December 06, 2004

Shut Up I'm Counting

pins help countNona, why do you have a bunch of pins hanging off your knitting?  Well my friend, without those pins I would have replied to your inquiring question with, "Shut up I'm counting".  Because of the pins, I can be much more polite and calmly reply that safety pins are a wonderful way to mark reference points, to count rows, and to track increases or decreases. 

Catherine Lowe makes heavy use of the safety pin in her patterns.   For example, Catherine staunchly believes that all lengths should be measured in rows instead of inches.  What measures 12 inches today may measure 12.5 inches tomorrow, while a row is a row any day of the week.  I'm currently working on the back of my pullover and am happily plodding along in good-ole stockinet stitch for 105 rows.  Even though nona loves numbers, she gets annoyed if she has to count too much.  You see, it's hard to count and talk at the same time and nona loves to talk.  To help minimize the counting -- and thus maximize the talking -- Catherine has you place a safety pin every 10 rows.  It's much easier to count safety pins by tens then rows by ones.

Maggie Righetti in Knitting In Plain English is also a big fan of the saftey pin.  Here is her suggestion for using saftey pins to track increases or decreases:

There had to be a better way found to keep track of increases and decreases.  . . .  And I found the easy way.  . . .  purchase packets of very tiny safety pins, coilless ones when possible.  These little safety pins are made into a chain at the beginning of a sequence of increases or decreases and fastened into the work.  If the directions say, "Increase 1 stitch on each side every 6th row 10 times," we make a chain of eighteen safety pins.  ...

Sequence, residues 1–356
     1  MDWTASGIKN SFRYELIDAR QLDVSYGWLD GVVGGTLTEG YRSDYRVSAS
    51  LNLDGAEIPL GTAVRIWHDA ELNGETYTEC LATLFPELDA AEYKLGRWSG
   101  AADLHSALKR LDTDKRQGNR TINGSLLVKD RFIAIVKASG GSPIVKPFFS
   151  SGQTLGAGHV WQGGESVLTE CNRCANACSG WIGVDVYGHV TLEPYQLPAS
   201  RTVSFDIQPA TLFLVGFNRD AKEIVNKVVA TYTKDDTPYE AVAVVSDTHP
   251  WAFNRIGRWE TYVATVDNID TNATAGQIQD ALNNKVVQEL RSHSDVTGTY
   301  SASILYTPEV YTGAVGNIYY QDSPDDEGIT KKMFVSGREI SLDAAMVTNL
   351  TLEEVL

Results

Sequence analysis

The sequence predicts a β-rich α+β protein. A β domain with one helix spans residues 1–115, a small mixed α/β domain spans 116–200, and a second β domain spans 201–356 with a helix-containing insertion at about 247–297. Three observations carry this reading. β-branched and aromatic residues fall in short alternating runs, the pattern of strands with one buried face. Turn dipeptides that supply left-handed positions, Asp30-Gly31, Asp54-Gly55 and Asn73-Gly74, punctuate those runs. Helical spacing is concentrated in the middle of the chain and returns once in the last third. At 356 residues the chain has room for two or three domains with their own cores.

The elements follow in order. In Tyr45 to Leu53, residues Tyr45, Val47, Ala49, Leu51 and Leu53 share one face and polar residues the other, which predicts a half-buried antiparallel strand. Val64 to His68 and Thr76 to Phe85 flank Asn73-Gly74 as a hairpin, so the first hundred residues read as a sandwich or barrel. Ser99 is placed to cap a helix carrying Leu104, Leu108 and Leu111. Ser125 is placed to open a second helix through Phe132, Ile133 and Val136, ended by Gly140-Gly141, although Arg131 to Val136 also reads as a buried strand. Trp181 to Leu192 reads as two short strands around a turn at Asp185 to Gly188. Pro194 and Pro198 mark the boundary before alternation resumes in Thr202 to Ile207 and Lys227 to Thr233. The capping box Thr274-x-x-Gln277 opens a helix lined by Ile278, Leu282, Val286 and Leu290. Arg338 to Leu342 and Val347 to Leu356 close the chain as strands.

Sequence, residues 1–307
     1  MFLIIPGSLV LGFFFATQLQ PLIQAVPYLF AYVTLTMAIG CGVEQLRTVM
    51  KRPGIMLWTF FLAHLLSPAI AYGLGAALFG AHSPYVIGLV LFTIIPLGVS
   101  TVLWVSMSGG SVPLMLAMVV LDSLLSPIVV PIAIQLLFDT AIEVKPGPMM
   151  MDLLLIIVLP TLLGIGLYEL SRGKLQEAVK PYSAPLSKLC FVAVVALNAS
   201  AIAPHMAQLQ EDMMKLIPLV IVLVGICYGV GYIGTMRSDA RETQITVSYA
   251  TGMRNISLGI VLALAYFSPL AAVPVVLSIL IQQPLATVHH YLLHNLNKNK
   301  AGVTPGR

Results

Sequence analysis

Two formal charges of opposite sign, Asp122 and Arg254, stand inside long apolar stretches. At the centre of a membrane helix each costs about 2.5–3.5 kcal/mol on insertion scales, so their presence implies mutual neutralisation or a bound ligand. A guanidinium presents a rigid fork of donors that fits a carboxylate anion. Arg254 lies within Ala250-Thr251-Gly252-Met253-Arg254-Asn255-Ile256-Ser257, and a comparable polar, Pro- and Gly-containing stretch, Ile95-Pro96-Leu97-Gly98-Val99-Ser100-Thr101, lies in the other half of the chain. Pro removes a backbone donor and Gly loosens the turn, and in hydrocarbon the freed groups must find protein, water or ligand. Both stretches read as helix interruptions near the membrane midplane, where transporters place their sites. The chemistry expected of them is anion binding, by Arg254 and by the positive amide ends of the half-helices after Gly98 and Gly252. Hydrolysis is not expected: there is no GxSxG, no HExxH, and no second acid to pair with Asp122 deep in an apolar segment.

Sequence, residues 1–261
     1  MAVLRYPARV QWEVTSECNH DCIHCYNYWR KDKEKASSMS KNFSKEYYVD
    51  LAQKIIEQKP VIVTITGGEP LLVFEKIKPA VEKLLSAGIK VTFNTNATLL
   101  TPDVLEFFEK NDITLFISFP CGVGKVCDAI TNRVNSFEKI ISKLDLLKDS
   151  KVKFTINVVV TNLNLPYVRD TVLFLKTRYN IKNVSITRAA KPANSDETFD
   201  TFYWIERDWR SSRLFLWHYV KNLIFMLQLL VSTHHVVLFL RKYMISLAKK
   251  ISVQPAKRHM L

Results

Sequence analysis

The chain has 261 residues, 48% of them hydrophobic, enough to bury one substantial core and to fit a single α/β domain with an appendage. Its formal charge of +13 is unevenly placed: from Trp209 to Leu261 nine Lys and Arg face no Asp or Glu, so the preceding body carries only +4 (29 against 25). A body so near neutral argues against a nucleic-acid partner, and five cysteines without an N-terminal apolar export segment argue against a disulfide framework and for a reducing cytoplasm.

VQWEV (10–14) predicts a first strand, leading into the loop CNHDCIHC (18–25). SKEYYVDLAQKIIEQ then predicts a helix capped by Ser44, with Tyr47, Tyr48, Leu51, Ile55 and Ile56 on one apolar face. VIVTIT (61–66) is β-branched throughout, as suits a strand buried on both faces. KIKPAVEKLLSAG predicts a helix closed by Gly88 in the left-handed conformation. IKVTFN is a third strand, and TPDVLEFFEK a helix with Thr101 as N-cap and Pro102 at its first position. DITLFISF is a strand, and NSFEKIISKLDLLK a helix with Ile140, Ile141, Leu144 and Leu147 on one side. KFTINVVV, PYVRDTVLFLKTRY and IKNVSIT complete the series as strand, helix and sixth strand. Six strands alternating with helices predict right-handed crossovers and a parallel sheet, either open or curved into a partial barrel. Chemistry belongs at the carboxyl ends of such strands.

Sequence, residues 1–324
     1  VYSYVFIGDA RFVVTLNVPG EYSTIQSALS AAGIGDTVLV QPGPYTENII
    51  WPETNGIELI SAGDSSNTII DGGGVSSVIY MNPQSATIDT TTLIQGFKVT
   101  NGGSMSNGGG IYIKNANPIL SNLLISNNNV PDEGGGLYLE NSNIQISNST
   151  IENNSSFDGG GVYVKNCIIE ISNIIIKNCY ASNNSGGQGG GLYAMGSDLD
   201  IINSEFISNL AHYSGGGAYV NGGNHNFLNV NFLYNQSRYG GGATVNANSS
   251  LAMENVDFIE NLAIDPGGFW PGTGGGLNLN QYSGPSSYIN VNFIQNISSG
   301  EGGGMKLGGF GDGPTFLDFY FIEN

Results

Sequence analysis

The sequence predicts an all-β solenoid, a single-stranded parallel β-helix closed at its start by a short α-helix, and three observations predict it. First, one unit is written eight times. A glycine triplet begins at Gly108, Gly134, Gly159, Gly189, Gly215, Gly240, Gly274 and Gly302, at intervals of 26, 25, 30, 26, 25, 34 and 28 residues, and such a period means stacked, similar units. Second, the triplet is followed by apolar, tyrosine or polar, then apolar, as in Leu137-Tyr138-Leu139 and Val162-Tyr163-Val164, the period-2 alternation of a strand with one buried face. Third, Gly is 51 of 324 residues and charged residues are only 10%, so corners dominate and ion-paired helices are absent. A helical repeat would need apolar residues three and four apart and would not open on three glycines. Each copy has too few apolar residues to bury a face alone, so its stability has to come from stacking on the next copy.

...  remove one safety pin from the chain each time [you] make an increase or decrease and insert it into the increased or decreased stitch.  [You] can then very easily see where [you] made the last increase or decrease, when [you] made it, and how many more [you] have to make.  A methodically lazy way of saving time, effor, and energy!

Let me tell you, this tip has been of endless use to me.  I love this book of Maggie's -- it is full of good humor and wonderful tips and techniques.  Knitting In Plain English was written in the mid 1980s and was probably the Stitch 'N Bitch of its time. 

December 06, 2004 in Catherine Lowe Kit, Tips and Techniques | Permalink | Comments (0)

December 01, 2004

Catherine Lowe Kit Has Arrived

alt_hereThe wait is over!  My Catherine Lowe Kit has arrived.  (See November 6th for more information about Catherine and the Kit.)  Everything about the kit, from the packaging to the  instructions, exudes precision.  In fact nona speculates that Catherine scores in the top .001% for precision. The jury is still out about whether this is a good thing?  The pattern is about 36 pages long and reads like a master's thesis.  This type of document deserves the finest treatment.  Yes, it deserves to be spiral bound -- with tabs no less -- from Kinkos.

The first step in the knitting process is to make a large gauge swatch, 8 inches square.  This swatch must match both a knitting gauge of 6.12 - 6.25 stitches per inch and a blocked gauge of 6 stitches per inch.  Okay, how in the heck do you measure .12 of a stitch?  Don't worry, my blocked gauge ended up at 6 stitches -- which nona can measure.  The yarn is first rate, 100% merino and plied in parallel instead of twisted.  The resulting knit fabric has a beautiful hand and is amazingly soft.  There's only one word to describe it, butter.

To be honest, I'm a little put off by the extreme exactness of the instructions.  They are a bit fatiguing.  However, I do feel that I'm going to learn a lot of tips and techniques to improve the fit and construction of my knit garments.  I'll just have to follow the directions California style, with a grain of salt.

Mega Gauge Swatch with Kinko's Bound Directions

December 01, 2004 in Catherine Lowe Kit | Permalink | Comments (1)

November 06, 2004